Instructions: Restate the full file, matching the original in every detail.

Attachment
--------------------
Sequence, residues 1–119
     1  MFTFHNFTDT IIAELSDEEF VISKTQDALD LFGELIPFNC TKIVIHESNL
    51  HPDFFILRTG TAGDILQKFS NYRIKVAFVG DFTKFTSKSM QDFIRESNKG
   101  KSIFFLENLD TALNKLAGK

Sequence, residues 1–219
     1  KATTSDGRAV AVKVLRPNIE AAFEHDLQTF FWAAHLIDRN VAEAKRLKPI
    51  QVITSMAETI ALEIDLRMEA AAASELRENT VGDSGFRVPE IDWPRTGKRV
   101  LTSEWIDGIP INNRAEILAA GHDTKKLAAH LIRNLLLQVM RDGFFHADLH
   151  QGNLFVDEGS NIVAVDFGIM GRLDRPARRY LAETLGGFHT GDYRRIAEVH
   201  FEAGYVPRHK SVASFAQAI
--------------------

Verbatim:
Sequence, residues 1–119
     1  MFTFHNFTDT IIAELSDEEF VISKTQDALD LFGELIPFNC TKIVIHESNL
    51  HPDFFILRTG TAGDILQKFS NYRIKVAFVG DFTKFTSKSM QDFIRESNKG
   101  KSIFFLENLD TALNKLAGK

Sequence, residues 1–219
     1  KATTSDGRAV AVKVLRPNIE AAFEHDLQTF FWAAHLIDRN VAEAKRLKPI
    51  QVITSMAETI ALEIDLRMEA AAASELRENT VGDSGFRVPE IDWPRTGKRV
   101  LTSEWIDGIP INNRAEILAA GHDTKKLAAH LIRNLLLQVM RDGFFHADLH
   151  QGNLFVDEGS NIVAVDFGIM GRLDRPARRY LAETLGGFHT GDYRRIAEVH
   201  FEAGYVPRHK SVASFAQAI